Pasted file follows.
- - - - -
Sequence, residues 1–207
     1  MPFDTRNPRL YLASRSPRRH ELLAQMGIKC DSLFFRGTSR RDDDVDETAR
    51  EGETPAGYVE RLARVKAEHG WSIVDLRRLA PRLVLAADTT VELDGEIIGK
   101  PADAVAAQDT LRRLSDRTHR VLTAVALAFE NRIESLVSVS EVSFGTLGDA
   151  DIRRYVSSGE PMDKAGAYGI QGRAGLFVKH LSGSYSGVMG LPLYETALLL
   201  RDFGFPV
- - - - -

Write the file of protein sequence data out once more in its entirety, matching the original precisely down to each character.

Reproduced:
Sequence, residues 1–207
     1  MPFDTRNPRL YLASRSPRRH ELLAQMGIKC DSLFFRGTSR RDDDVDETAR
    51  EGETPAGYVE RLARVKAEHG WSIVDLRRLA PRLVLAADTT VELDGEIIGK
   101  PADAVAAQDT LRRLSDRTHR VLTAVALAFE NRIESLVSVS EVSFGTLGDA
   151  DIRRYVSSGE PMDKAGAYGI QGRAGLFVKH LSGSYSGVMG LPLYETALLL
   201  RDFGFPV